Crossovers are surpassing sedans in popularity, and this Stanza formed the basis of one of the first US examples of the breed.
The car market is in another one of those swings back to trucks, thanks to relatively cheap gas and bigger buyer budgets. Meanwhile, sedan sales are tanking.
That wasn’t the case in the ’80s; sedans were the go-to vehicles for many families. At the same time, the seeds of the modern crossover were being laid with the Stanza Wagon that made its US debut the year our subject Stanza sedan was built. The Stanza Wagon combined a car chassis with a high roof, much like the crossovers we buy new today.
One difference from today’s car-based tall wagons is the Stanza Wagon strode the line between crossover and minivan with dual sliding rear doors. Here’s a pic of an all-wheel drive version as the Prairie, as it was known in some non-US markets. You’d visit Dodge or Plymouth dealers to check out a Stanza Wagon competitor, the Colt Vista.
The Stanza was Nissan’s ’80s answer for buyers looking for a compact sedan. Its ’70s predecessor was the 510, back when Nissan was calling itself Datsun in the US.
Then in the ’90s, the Stanza became the Altima, which is one of the nameplates taking a hit in the current move to trucks.
This Stanza is the fancier GXE, which sat above the more basic XE. Alas, we in the US missed out on the “Supremo” trim line available for the Stanza in Japan.
Stanzas were known as durable cars, so it’s surprising that this rust-free example came to its end at such low miles. Didn’t even make it to 50K.
Aside from the broken tail light and punched-out lock, this Stanza has only a bit more than a few years of wear evident in back.
Today’s headlight designs are aggressively shaped and lit with LEDs, but the Stanza’s were content to fold nondescriptly into the front end’s creases. It was still a pretty new thing in 1986 for flush headlights to be permitted in the US market.
Stanzas had only one engine, a 2.0-liter four-cylinder, and this put it at a distinct disadvantage against Pontiac Grand Am V6s and Dodge Lancer Turbos. The Stanza could be had with a turbo in Japan, but the US market’s version was limited to the mild performance a four would give. At least it was fuel-injected.
In 1986, Nissan made the Stanza in Japan; that would change with the early-’90s Altima, which were assembled at Nissan’s plant in Smyrna, Tennessee.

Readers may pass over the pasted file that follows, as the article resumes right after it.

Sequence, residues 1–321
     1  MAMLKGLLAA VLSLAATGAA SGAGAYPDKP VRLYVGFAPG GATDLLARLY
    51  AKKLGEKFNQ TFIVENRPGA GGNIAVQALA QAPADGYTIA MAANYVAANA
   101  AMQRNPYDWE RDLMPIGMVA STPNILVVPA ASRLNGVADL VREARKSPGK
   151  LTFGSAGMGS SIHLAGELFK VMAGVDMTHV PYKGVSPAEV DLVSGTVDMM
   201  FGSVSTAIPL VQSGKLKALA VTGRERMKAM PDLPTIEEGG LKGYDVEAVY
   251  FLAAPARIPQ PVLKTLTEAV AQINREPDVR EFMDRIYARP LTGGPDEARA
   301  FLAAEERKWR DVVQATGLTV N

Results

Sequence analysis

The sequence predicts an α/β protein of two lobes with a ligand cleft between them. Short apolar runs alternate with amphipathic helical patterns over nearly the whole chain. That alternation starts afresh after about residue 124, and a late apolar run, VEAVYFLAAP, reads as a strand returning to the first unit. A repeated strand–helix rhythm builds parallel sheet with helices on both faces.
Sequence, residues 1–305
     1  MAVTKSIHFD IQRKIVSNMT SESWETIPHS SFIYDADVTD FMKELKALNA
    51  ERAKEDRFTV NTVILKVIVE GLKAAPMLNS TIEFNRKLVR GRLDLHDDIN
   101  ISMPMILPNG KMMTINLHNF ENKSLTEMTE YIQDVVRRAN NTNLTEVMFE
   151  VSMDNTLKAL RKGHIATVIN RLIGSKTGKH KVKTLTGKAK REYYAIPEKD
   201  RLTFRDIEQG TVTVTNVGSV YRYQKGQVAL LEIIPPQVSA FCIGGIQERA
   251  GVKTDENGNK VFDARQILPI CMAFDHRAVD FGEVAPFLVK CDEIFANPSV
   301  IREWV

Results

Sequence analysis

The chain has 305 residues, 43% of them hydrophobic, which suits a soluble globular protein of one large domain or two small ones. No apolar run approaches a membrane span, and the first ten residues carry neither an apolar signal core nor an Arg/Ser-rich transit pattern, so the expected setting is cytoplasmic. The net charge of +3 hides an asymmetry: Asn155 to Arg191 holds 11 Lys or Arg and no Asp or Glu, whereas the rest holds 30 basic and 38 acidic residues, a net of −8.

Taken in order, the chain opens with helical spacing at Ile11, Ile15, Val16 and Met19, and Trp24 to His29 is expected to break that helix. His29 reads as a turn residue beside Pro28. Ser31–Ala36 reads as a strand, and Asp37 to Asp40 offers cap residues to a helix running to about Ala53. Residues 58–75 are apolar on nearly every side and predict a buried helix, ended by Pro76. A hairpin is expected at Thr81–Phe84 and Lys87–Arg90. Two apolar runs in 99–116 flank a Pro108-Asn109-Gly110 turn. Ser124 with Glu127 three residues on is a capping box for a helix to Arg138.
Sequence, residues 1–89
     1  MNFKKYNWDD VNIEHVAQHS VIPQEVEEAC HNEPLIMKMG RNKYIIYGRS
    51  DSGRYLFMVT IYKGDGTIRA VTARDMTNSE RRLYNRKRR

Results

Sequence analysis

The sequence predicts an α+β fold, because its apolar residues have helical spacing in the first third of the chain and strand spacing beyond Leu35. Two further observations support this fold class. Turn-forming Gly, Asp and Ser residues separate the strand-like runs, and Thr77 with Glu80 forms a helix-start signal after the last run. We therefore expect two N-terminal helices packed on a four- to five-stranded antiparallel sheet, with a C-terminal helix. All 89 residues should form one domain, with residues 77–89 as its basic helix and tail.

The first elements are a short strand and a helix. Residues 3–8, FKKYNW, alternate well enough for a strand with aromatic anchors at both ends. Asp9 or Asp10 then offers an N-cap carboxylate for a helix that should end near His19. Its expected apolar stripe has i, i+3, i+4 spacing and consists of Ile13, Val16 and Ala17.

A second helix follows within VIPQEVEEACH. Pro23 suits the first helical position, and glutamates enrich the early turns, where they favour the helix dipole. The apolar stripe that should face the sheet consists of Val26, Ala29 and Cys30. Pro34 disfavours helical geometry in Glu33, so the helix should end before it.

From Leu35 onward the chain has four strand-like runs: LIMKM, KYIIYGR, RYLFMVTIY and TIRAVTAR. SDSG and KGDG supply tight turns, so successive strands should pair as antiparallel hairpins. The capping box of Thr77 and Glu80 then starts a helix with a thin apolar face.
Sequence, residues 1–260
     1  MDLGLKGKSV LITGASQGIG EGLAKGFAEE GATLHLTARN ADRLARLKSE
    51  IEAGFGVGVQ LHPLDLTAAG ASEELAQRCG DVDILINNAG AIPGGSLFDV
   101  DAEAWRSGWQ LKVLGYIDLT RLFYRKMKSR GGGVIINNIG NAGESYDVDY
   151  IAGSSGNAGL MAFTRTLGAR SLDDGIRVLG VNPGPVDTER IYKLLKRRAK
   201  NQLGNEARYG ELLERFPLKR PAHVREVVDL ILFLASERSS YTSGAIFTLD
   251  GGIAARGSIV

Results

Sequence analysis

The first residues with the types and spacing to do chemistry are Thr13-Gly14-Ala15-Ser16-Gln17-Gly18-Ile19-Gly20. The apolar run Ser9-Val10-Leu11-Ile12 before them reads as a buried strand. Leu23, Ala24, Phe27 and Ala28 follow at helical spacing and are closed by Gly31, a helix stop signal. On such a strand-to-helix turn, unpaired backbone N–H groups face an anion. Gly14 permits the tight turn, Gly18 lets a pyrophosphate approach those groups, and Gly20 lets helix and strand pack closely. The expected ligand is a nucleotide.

The monochrome-blue interior – who wouldn’t want a blue steering wheel? – is rigorously boxy in its shaping. It’s a snap-back reaction to the swoopy Japanese designs of the 1970s, to the point where the rectangular vents are thickly defined within a straight-lined panel.
The GXE included gimmicks like pivoting headrests.
The rear seat and its surrounding area look nearly new.
The Stanza’s door panels said quality, with low-sheen plastic framing thick fabric and an upward-facing power-window switch. The reflector is clearly tacked-on, but at least it’s there.
More remarkably light wear – the driver’s door panel still looks fresh.
Stanzas came standard with a five-speed transmission, and the EPA rates the manual at 23 mpg city. This exactly matches the contemporary Honda Accord’s rating, and it shuts out the 17-mpg Dodge Lancer Turbo mentioned above.
On the other hand, it’s interesting to directly compare a 1986 Stanza to a 2017 Altima. Altimas aren’t available with manual transmissions, so we’d line up the automatic Stanza’s ratings of 20 mpg city/24 mpg highway with the Altima 27 mpg city/39 mpg highway. From that, we see the Altima claiming an impressive 15-mpg-highway advantage. Blame the piddling three-speed automatic with which the Stanza was saddled, though the fourth overdrive speed in the 1986 Accord was good for only 26 mpg highway. Neither comes close to the efficiency of a CVT transmission like the Altima’s.
The double-DIN-sized AM/FM/cassette system occupies lots of real estate, and overflowing ashtray is another ’80s throwback.
It’s a shame this Stanza ended up in the boneyard with such little evident wear – it’s hard not to see a car here that could be usable to someone short one cash. But maybe it was run out of oil, or perhaps old age did it in – a brittle timing belt snapped, or maybe a head gasket finally cracked.
But this Stanza remains interesting because it shows how boxy car styling was when the crossover concept hooked its roots into the US market. Cars don’t look like this anymore, but they are still giving their platforms to taller wagon versions of themselves.